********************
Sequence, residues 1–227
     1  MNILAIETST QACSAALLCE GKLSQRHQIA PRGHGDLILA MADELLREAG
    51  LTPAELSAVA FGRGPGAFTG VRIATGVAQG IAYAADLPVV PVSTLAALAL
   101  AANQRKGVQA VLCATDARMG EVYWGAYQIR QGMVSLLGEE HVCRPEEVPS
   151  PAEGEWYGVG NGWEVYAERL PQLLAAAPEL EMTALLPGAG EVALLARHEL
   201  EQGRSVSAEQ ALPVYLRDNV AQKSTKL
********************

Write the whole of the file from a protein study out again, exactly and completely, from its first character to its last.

Sequence, residues 1–227
     1  MNILAIETST QACSAALLCE GKLSQRHQIA PRGHGDLILA MADELLREAG
    51  LTPAELSAVA FGRGPGAFTG VRIATGVAQG IAYAADLPVV PVSTLAALAL
   101  AANQRKGVQA VLCATDARMG EVYWGAYQIR QGMVSLLGEE HVCRPEEVPS
   151  PAEGEWYGVG NGWEVYAERL PQLLAAAPEL EMTALLPGAG EVALLARHEL
   201  EQGRSVSAEQ ALPVYLRDNV AQKSTKL